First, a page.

The New England Patriots' loss to the New York Jets was a big deal for all sorts of reasons that have been explored at great length.
For all of the Patriots it meant disappointment. For some of them it meant time to play golf. For some of them — who might not be back next season and who have not been in the NFL long enough to have made their futures secure — it meant time to look for work elsewhere, especially since the league has been talking lockout.
"We never know what to expect from the NFL. So, I mean, we got notified. Me, I got a coaching application. I'm taking it serious," said Darnell Jenkins, a practice squad wide receiver for the Patriots who has been on the injured reserved list for a couple of months.
(UPDATE: The Patriots have announced Darnell Jenkins and six other players have signed future contracts.)
For Patriots wide receiver Darnell Jenkins, a lockout might mean the end of a football career that has barely begun. But it might also mean the beginning of a career in coaching high school football.
When I met Jenkins last week, he was getting his hair cut. The barber joked that he was trying to prepare Jenkins in case he had a job interview. Darnell Jenkins didn't laugh.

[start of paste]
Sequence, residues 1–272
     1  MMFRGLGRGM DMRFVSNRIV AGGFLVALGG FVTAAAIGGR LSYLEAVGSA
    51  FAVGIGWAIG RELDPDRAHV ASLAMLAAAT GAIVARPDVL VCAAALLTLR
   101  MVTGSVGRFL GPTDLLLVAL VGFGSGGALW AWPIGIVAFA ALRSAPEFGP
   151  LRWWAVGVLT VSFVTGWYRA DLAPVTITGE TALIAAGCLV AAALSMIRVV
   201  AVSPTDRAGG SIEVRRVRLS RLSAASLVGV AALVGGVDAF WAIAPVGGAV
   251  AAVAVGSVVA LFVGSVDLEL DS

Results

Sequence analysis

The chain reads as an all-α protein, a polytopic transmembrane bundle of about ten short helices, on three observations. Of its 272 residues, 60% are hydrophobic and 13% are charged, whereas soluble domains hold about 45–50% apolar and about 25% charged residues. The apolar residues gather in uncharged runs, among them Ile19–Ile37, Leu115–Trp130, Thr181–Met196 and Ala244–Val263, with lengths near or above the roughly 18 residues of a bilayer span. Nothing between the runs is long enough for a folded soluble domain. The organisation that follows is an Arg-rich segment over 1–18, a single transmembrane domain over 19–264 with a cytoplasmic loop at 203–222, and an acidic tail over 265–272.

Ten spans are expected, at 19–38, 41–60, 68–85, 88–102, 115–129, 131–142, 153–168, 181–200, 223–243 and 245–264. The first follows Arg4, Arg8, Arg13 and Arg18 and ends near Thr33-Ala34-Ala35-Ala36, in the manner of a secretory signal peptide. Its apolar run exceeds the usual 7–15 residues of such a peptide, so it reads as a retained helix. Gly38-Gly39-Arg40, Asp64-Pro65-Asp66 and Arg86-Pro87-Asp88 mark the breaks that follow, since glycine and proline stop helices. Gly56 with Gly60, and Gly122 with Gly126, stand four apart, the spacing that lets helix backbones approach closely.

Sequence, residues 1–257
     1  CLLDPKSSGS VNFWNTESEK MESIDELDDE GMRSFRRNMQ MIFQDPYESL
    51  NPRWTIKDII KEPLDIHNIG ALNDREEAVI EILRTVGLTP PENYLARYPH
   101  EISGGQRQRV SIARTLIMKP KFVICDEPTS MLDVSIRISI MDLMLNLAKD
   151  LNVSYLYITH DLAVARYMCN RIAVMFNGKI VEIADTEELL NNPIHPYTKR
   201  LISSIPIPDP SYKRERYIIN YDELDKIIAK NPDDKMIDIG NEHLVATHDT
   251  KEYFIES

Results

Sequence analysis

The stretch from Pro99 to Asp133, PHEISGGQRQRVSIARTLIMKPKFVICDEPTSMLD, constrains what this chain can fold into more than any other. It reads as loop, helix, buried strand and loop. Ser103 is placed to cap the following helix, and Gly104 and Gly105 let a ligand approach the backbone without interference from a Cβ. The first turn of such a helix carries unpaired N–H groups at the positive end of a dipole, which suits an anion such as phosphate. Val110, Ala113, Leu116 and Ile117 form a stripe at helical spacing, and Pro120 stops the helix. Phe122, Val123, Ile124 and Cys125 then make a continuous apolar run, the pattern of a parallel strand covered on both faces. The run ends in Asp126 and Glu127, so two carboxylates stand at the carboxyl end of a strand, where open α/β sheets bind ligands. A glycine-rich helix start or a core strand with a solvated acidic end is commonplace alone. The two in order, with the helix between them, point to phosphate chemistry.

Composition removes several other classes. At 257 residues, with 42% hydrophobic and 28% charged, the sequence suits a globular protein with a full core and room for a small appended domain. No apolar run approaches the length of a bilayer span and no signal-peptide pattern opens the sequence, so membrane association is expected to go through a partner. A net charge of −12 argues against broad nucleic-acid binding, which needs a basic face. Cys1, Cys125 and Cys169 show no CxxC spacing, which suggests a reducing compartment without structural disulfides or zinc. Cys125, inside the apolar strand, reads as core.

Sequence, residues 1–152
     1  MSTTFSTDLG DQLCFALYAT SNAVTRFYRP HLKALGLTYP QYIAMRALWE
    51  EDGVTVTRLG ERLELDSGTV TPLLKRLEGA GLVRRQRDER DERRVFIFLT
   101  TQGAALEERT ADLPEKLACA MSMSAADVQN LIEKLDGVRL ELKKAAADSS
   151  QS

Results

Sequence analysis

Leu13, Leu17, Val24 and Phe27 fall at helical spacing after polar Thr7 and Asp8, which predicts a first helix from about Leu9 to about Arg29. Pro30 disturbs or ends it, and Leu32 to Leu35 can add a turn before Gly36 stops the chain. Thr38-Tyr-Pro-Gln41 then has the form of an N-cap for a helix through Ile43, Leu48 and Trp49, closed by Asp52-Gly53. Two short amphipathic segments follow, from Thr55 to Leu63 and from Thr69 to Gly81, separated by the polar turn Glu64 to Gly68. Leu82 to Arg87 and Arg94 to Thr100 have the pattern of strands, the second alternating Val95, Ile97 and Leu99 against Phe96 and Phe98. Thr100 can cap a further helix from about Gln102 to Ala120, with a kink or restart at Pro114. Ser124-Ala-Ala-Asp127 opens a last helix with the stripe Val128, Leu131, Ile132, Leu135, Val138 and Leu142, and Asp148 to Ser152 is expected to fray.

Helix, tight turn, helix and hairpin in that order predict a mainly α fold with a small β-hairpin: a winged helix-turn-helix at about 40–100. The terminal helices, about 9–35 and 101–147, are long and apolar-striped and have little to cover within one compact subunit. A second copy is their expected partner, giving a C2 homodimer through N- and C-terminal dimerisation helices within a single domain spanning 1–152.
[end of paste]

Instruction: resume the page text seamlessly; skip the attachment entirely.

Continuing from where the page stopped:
"We gotta feed our families, gotta feed our families, and some people got kids, and you gotta think of something fast, if you're not already financially stable for the rest of your life, then you gotta do something and you gotta act fast," Jenkins said.
For Jenkins, a lockout might mean the end of a football career that has barely begun. But it might also mean the beginning of a career in coaching high school football, and it might mean that the time had become right for returning to the University of Miami for one more semester, to finish his degree in sociology.
"I grew up in the poverty area of Miami, and that's the most my mom ever wanted. She didn't — playing football is one thing, but she really wanted me to go to school and be her first — I'm her first child to graduate from college, so whatever makes her happy, that's what I'm willing to do," he said.
For Patriots fans, it's too bad that the Jets figured out before Sunday's game how to cover Tom Brady's receivers so well.
For football fans in general, it will certainly be too bad if the league locks out the players in March.
But for individual players, especially the many of them who haven't played long enough to get rich, losses and even lockouts are just part of the context of their attempts to move along.
This program aired on January 19, 2011.